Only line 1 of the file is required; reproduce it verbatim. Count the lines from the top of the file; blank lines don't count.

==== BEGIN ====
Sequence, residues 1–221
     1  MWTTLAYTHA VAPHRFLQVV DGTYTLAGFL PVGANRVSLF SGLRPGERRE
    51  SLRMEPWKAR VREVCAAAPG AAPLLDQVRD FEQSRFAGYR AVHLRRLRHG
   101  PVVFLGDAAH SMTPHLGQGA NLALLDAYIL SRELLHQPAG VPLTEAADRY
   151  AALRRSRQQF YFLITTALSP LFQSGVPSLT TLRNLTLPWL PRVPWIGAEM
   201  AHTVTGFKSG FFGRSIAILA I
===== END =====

Sequence, residues 1–221